If you are interested in raising animals of your land for food, then certain culinary techniques are essential to learn. Cured meats have an extended shelf life and do not require refrigeration nor fossil fuels. Curing is a form of food security that may become essential in the upcoming years. Curing is the act of food preservation of meats + fish with the use of salt, sugar and/or nitrates. Nitrates, although a naturally formed substance is not optimal for long term consumption and can be omitted from the recipe and still produce a flavorful and completely safe product. Curing is the magical process in which time, salt, temperature, and humidity play a role in the end result.
Another process, smoking cured meats and fish by creating a barrier on the outer layer, making it harder for harmful bacteria to enter the valuable meats. This process has been documented by the Plains Indians who would hang their harvest inside their teepees to smoke during the drying process. Both cold and hot smoking are effective techniques, but will yield a different end result.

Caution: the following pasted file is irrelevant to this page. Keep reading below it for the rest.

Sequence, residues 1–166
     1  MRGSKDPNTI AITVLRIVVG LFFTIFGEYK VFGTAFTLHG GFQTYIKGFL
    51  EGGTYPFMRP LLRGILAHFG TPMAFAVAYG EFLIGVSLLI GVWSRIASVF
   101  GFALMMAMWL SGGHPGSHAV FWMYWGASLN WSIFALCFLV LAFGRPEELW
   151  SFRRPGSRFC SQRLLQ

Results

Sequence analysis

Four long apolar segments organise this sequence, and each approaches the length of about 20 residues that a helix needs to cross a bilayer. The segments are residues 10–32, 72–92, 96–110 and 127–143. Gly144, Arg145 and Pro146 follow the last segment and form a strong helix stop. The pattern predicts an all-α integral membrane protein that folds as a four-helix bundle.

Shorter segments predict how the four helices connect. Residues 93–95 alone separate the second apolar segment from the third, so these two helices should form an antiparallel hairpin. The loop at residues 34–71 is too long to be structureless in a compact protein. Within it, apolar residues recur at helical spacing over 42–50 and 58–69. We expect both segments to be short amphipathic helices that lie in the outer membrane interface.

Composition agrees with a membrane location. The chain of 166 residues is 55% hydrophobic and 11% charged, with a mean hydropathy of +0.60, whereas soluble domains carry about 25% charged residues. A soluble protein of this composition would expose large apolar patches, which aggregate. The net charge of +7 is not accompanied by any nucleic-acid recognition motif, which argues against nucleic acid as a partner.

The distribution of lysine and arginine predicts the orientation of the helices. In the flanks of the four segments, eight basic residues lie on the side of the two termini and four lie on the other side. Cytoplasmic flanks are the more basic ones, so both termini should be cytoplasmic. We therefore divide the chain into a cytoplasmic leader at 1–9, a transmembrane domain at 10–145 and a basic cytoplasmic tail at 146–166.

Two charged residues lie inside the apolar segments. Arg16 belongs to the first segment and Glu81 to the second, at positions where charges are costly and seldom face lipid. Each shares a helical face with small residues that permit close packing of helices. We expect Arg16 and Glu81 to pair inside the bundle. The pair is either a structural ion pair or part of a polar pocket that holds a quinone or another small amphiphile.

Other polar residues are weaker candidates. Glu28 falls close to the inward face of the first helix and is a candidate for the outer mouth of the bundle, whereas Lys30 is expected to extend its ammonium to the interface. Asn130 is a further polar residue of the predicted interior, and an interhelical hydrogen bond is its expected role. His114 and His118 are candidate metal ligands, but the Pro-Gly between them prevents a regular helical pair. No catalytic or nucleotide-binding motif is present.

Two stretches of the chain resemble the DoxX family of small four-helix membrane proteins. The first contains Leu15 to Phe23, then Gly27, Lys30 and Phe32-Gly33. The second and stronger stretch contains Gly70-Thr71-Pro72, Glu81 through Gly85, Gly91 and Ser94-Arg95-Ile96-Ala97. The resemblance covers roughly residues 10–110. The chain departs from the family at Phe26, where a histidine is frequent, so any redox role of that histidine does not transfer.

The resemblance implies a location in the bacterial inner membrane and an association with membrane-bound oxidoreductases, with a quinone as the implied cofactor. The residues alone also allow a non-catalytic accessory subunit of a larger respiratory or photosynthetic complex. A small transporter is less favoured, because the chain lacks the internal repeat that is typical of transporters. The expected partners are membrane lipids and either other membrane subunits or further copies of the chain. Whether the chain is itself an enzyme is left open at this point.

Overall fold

This recipe is as simple as it gets and can be hung in your basement to age and be ready to eat in just a few short weeks.
Home Cured Duck Breast
- 2 Buck Breasts (trim the fat to 1/4 inch thickness)
- 1 pound Sea Salt
- 2 Bay Leaves, crumbled
- 1 Tbsp crushed Black Pepper
- 2 tsp ground Allspice Berries
- Enough Cheese Cloth to cover each breast
- Hemp or kitchen twine
1. Clean up the duck breasts, by trimming off some off the fat. Pat the breast dry with a cloth.
2. Mix together the seasonings and the salt
3. Place a handful of the seasonings into a glass or non-reactive dish
4. Put the duck breasts on top of the salt, then add the remaining to COMPLETELY cover the breasts.
5. Cover with a cloth and place in the fridge for 24 hrs.
After 24 hrs has past, remove from the salt coating and wash off any excess salt under running water. Dry with a paper cloth.
6. Cut 2 large squares of cheese cloth and cut 4 pieces of twine 6 inches each
7. Roll each duck breast tightly in the cheese cloth then tie each end.
8. Hang the duck in a cool dark place for 1-2 weeks. **I hung mine in my attic where it is dark,cool, and with a little airflow roughly 45-50 degrees (It’s winter here in Maine).
9. After a week, check on the duck breast. It should be slightly firm and not mushy. If it feels mushy allow it to continue to hang and cure.
10.Once complete, slice thin and serve with your favorite condiments.